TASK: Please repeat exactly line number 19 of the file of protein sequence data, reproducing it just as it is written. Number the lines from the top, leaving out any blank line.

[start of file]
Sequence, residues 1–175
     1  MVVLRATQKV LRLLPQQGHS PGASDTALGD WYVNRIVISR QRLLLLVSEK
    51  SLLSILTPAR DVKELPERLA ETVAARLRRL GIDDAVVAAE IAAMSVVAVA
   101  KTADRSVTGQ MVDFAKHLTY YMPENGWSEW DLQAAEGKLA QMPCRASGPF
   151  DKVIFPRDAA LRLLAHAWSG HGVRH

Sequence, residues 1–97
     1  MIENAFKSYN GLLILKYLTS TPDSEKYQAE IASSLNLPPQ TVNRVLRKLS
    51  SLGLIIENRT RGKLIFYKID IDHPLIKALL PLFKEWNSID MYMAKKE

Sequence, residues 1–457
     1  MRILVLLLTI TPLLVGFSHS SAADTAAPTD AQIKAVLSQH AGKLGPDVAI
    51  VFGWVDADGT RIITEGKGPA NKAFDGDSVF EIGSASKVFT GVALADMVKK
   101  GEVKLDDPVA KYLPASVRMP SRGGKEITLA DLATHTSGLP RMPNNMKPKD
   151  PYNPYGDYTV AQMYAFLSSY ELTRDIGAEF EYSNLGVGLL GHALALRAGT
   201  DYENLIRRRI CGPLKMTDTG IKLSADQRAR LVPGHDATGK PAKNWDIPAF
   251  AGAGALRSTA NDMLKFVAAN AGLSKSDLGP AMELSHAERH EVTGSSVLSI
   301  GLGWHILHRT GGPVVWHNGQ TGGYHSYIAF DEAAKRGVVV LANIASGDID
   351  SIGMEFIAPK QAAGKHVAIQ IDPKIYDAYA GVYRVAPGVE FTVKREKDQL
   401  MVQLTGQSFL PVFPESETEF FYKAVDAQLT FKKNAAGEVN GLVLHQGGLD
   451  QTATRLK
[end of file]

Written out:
   451  QTATRLK